As Congress debates legislation to rein in pharmacy benefits managers (PBMs), the Big Pharma middlemen are fighting another battle in the court of public opinion: the high cost of insulin, and whether it’s PBMs – or the drugmakers themselves – that are to blame.
In mid-May, lawmakers on the Senate Committee on Health, Education, Labor and Pensions (HELP), led by Sen. Bernie Sanders (I-VT), grilled insulin manufacturers Eli Lilly, Novo Nordisk and Sanofi on why the cost of insulin has tripled over the past decade in the United States, with out-of-pocket costs doubling during that same time period.
Collectively, representatives from the three companies cited many reasons why they’re not to blame for the 1.3 million Americans who are rationing their insulin due to its high cost. More than 37 million Americans have diabetes. Of those patients, about 7 million require some form of insulin.
Drugmakers: It’s the PBM Industry’s Fault!
“People have died or have ended up the hospital,” said Sanders, “and [drugmakers] are supposedly working night and day to reduce the price of insulin, but people all over the world are paying a fraction of the cost that Americans are paying for insulin and other drugs.”
Eli Lilly CEO David Ricks said his company has not raised the list price for Humalog and other insulin products since 2017. Lilly also has announced new consumer price caps on its drugs, Ricks said. He said the high costs are due to the role PBMs play in drug pricing.
“Last year, about 80% of our list prices went to pay ever-increasing fees and rebates to companies who don’t invent, didn’t develop nor manufacture the medicine,” Ricks explained. “With the remaining 20%, we cover the cost of making and distributing the product, which also supports about 4,000 high-paying manufacturing jobs here in America with full benefits and pensions.”
Sanders did not appear to accept Ricks’ explanation.
“So, drug manufacturers claim rebates are the reason for price increases,” he added. “But the facts show otherwise. Government study after government study has concluded that price increases are not the result of rebates or discounts.”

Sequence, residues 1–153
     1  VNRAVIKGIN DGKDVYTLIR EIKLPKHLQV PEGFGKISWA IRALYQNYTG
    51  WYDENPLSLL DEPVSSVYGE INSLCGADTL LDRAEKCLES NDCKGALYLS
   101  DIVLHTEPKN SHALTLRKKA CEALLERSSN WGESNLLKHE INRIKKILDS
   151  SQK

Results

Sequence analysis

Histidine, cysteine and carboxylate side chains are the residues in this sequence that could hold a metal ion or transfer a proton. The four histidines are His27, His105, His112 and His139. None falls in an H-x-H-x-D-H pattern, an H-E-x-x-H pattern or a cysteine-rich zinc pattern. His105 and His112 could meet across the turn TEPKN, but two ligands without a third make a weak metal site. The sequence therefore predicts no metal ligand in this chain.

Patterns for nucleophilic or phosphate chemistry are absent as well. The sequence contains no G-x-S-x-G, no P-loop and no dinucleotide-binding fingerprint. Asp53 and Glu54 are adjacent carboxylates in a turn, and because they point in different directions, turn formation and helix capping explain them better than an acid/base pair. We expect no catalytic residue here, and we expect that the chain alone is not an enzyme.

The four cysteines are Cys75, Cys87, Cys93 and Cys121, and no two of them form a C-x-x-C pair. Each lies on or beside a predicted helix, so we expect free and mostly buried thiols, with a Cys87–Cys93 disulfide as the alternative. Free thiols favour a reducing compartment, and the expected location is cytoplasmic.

Sen. Mike Braun (R-IN) joined Sanders in asking why the US consistently pays more for drugs than other developed countries, saying the current situation doesn’t line up with free enterprise principles.
“The rest of the world can buy drugs for one-fourth the price,” Braun said. “They have healthcare as being 10% to 12% of their GDP, with every developed country having outcomes as good as, if not better. And here we are at 18% of our GDP, and it’s going up as opposed to going the other way. Nothing works like that in a true market context.”
PBMs: We’re the Good Guys!
PBM representatives who participated in the panel, including executives from CVS Health, Express Scripts and OptumRx, were quick to return fire on the drugmakers.
“The PBM industry has helped clients hold increased spending to just 4.5% and kept member cost growth to just 1.4%,” said David Joyner, president of pharmacy services at CVS Health. Joyner placed the blame for rising drug costs on high list prices and a lack of competition in the market.
However, a study conducted by researchers at the University of Southern California (USC) found that drugmakers’ share of revenue from insulin sales has declined in recent years. In 2014, the researchers determined, 30% of insulin revenue went to PBMs. By 2018, those same middlemen were receiving 53% of insulin expenditures.
“The middlemen, and particularly pharmacy benefit managers, have been effective in negotiating lower prices from manufacturers,” said Karen Van Nuys, an assistant professor at the USC Sol Price School of Public Policy, and one of the lead researchers of the study. “What they haven’t been doing is sharing gains from those lower prices with patients. They’ve been keeping them.”
Illinois: We’re Suing Both of You!
Meanwhile, others are not buying into the finger-pointing between Big Pharma execs. Recently, the Attorney General of Illinois filed a lawsuit against Eli Lilly, CVS Pharmacy, Novo Nordisk and others.
In a 125-page fraud complaint filed in Cook County Circuit Court, AG Kwame Raoul accused pharmaceutical companies of artificially inflating the cost of insulin by more than 1,000% since the late 1990s.
"Today, insulin has become the poster child for skyrocketing and inflated drug prices," stated Raoul’s office in the complaint. "Remarkably, nothing about these medications has changed. Today's $350 insulin is the exact same drug defendants originally sold for $20."
The lawsuit singles out Eli Lilly in particular, noting the price for a dose of Humalog rose by 1,527% between 1997 and 2018.
Meanwhile, the HELP committee recently passed a PBM reform package which, among other things, is aimed at increasing transparency for PBM pricing and practices, including a requirement for PBMs to pass along 100% of rebates they receive from drugmakers to health plans and employers. The legislation is sure to face an uphill battle in Congress. Stay tuned!